American manhole covers are disks of metal designed to cover holes. This is a very functional description and, I think, it captures the essence of how we design our covers from a very functional position. Japanese manhole covers are, in contrast, a form of expression, or advertising. After taking some photos of the manholes in Mino city and putting them on Flickr, I was contacted by the Japanese Manhole Covers group and asked to add my photos into the pool.
While American manhole covers have traditionally been very boring with basic cross-hatching for non-slip qualities; Japanese manholes have been adorned with all sorts of creative designs. The last several years have seen an explosion of art carved covers with elaborate designs. Often these covers show off the regional identity of some town or city. Birds, flowers, tourist attractions, just about anything is fair game.
Well, realizing that with all my travel, I was literally walking right over myriad covers. Being aware that people around the world have interest in the group, I decided to start collecting photos and uploading them to the group pool. I have been taking them from a technical perspective: shooting at a 90 degree angle; taking a photo of every type and variation I see; providing descriptions. This has paid off with me being the number one contributor at this point. Kind of an odd distinction.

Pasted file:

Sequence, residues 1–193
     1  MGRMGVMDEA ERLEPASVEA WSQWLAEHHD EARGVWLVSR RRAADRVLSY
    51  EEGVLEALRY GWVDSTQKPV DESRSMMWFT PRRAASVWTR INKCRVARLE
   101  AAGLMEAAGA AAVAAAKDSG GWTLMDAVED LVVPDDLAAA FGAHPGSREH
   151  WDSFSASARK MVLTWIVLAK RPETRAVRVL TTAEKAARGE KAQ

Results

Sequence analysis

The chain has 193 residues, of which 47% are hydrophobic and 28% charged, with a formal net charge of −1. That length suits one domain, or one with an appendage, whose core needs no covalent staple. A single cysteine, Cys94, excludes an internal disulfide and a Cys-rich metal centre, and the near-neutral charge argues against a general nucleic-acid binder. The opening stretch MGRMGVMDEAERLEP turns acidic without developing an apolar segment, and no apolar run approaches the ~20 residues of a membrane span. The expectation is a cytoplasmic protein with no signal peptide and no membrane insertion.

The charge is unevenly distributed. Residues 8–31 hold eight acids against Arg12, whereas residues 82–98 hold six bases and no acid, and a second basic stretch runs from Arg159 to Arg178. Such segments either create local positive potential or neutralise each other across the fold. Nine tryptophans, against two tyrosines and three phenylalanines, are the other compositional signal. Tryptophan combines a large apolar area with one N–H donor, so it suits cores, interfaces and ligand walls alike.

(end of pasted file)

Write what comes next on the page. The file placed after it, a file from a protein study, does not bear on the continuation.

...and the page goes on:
From this point on, I think I will reduce my activity level and take pictures only of art carved covers or particularly unique covers. (Although I might try to snap all of the Tsu covers.) Also, I might try catching them with interesting lighting, angles, etc. I snapped a fire water cistern cover in Seki Juku from a low angle with an 18mm lens as a sign.
If you’re interested, please take a look at my collection.